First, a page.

02 November 2016 12:07:07 IST

Why cleaning up is a hot idea

Pic credit: KYTan/Shutterstock

Selling ‘heat’ can help tackle the issue of waste and make electricity cheaper

The concept of selling heat is somewhat alien to us Indians. Anything that can be produced can be sold. Sometimes, things that are not produced can be sold too — such as the services of a bank or a hospital. But heat? Can you really sell heat? If yes, how?

To understand this concept of selling heat, you have to go to a cold country. Which I did, recently.

Going cold

Finland is where the sun is a foreigner and anybody who walks outside without wearing a thick overcoat can be an undertaker’s delight. Suffice it to say it is pretty cold. People can do with some help in keeping themselves warm. Which means, you can sell them heat.

But how? Simple.

Power plants produce a lot of heat. When we burn, say, coal in the boilers, we use the heat energy to convert water into high pressure steam, which in turn hits the turbines and turns them. In the case of gas-powered plants, natural gas — methane — is used, instead of steam. After the steam or gas leaves the turbines, the heat it contains is, usually, wasted.

In the cold countries, the ‘combined heat and power’ (CHP) plants use the residual heat to make hot water. Water is a carrier of heat — it can be transported, the heat sold, and the water looped back. This way, you extract most out of the fuel that you use in the power plants, and you improve the economics of the plant, which in turn makes electricity cheaper.

An example

A typical case is that of Vantaa Energy, a company whose CHP plant is situated a little outside Helsinki, Finland’s capital. The company produces and sells both electricity and heat.

The steam that comes out of the turbines heats up water to close to boiling point. This is then piped some 25 kilometres to the township of Vantaa, in insulated pipes. The township’s water supply system does not use this water, it brings its own.

The hot water piped from Vantaa Energy transfers its heat to the not-so-hot water of the town’s water supply system. The company’s water returns to the CHP plant, ready to convert to steam all over again. The town’s water, which has picked up the heat, now leaves for homes. By the time it reaches the taps and showers, it is about 65 degrees Celsius — nice and warm for a shower or a dish-wash.

Such CHP plants dot the landscape of the Nordic countries (Norway, Sweden, Finland, Denmark and Iceland.) Heat is a saleable commodity and therefore, heat produced as a by-product in a power plant can be mined for its value. What it fetches in the market can then be used to cross-subsidise the cost of electricity, keeping it low. In Finland, for instance, electricity costs around three euro cents (₹2.20) a kilowatt-hour.

Face the heat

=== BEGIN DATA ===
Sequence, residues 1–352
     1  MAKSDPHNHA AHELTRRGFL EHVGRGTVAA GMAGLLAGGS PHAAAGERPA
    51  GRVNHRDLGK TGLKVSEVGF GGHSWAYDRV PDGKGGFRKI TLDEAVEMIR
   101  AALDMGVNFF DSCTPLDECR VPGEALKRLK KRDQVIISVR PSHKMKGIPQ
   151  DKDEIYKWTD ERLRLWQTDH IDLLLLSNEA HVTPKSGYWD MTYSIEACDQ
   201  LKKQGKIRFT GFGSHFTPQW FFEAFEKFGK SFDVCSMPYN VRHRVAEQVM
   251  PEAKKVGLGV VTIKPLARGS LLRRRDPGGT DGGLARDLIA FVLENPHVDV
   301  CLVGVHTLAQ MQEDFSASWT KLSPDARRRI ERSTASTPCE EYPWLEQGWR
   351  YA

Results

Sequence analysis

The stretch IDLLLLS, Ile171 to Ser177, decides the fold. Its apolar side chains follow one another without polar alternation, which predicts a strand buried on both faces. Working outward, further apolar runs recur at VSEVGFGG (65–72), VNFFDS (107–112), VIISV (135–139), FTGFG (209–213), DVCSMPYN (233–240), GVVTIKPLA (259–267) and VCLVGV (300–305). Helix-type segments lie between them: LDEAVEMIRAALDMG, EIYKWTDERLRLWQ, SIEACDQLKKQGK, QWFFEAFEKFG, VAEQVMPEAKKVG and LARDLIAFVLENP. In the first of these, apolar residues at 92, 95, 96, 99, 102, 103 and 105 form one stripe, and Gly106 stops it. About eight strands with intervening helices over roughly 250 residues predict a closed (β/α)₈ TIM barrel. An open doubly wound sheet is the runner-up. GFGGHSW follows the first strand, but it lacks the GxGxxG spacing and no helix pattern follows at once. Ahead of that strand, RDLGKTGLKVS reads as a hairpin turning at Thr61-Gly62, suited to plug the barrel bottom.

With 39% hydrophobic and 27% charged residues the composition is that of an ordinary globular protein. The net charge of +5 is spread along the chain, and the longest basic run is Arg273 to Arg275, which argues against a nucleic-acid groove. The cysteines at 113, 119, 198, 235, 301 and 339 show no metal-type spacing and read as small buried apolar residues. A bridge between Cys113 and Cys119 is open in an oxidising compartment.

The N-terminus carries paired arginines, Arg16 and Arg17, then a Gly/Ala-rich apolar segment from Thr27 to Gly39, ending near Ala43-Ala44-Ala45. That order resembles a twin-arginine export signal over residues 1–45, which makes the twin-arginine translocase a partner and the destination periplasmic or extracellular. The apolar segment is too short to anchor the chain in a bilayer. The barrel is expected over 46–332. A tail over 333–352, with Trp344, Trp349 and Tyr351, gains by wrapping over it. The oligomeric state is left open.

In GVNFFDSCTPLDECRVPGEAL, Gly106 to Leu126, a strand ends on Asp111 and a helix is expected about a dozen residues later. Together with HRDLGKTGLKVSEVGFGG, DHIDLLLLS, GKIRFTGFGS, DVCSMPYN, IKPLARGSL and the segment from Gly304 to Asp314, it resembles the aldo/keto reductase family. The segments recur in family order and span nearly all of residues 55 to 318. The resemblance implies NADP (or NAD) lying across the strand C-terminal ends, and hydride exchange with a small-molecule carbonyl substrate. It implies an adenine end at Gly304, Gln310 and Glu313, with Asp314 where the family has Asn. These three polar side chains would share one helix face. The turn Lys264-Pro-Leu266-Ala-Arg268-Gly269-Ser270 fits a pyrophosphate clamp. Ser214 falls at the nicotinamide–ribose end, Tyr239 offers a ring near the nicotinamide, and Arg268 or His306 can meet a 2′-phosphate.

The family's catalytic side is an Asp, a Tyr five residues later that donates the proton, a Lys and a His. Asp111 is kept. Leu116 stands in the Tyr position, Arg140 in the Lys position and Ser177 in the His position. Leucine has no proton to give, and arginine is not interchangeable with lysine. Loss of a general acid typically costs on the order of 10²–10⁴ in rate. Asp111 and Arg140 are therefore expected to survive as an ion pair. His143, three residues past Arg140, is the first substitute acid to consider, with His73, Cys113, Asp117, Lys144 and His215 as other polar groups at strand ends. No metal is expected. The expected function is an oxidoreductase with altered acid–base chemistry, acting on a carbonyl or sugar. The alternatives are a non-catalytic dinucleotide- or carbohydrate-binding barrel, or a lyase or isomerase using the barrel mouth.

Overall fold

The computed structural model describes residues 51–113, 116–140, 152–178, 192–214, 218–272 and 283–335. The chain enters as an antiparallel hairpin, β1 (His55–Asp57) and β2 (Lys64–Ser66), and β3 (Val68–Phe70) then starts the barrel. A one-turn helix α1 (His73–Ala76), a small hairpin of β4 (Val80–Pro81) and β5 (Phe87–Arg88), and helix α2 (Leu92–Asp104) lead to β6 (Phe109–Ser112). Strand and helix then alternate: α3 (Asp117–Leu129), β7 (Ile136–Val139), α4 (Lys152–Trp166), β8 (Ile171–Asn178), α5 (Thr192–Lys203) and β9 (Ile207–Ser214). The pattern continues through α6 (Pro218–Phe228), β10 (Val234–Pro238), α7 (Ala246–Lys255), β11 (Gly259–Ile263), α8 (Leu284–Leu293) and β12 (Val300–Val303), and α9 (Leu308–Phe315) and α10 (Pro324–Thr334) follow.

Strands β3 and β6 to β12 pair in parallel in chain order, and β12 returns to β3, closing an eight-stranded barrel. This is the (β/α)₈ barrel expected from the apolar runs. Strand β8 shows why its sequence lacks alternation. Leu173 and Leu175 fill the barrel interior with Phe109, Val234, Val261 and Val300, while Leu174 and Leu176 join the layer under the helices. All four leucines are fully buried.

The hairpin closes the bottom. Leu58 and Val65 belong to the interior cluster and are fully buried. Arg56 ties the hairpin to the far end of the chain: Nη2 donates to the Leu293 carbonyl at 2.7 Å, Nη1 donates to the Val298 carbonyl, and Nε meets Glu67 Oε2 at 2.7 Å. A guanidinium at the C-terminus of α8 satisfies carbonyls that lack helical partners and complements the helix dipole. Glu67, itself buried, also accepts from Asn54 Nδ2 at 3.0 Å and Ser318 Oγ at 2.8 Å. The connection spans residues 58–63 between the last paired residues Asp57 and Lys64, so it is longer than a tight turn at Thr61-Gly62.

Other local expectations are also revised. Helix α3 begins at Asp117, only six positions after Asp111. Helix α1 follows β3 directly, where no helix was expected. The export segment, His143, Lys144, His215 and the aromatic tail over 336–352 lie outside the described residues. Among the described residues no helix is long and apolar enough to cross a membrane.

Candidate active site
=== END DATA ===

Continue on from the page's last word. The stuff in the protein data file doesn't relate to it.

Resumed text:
India has around 200,000 MW of thermal power plants and the waste heat is rarely captured. Imagine how much valuable heat we are wasting! Now, you would say that while heat is a saleable commodity in the cold countries, it is not the same in a tropical country like India.

But that would not be quite right. Heat can be used for cooling too. It is technologically possible, and is being done. So the central message of this article is this: we should build a movement in this country to capture as much heat as possible from our thermal power plants and have the heat work for us.

To me, the visit to Vantaa Energy was an eye-opener. On the one hand, there is heat transported 25 km across frosty land and sold for money. On the other, the raw material used to produce energy is something we have a lot of, but have struggled to use for a similar purpose — city’s waste.

Every day, tens of trucks roll into the Vantaa plant carrying Helsinki’s waste. It helps that people segregate wastes into electronic, plastic, metal and all else, and dump them in appropriate bins.

Each year, Vantaa burns 320,000 tonnes of waste in its boilers, where temperatures go as high as 1,000 degrees Celsius, neutralising the wastes by incinerating them. Out comes heat, which is first used to make steam and thence, electricity. The remaining heat in the used-up steam makes hot water for the town.

One man’s trash…

Now, unlike ‘selling heat’, waste-to-energy (W2E) is not an alien concept to us. Yet, India has struggled with it because of many problems — the wastes here are highly heterogeneous; they are often wet; their supply is not assured due to inefficient collection system; and above all, the power produced by waste-to-energy plants is not very cheap because the heat part of it is not fully milked for its worth.

Utilities baulk at buying electricity from W2E plants either because it is costly or because the supply is irregular. The electricity is costly also because the plants are typically small — usually not more than a few tens of MW. In contrast, Vantaa Energy is a mammoth 160 MW.

We dump wastes in landfills, where it causes further problems. On the output side, we waste heat. On the input side, we waste waste. Truly, there is no rocket science involved.

It only calls for clever management. Anybody interested?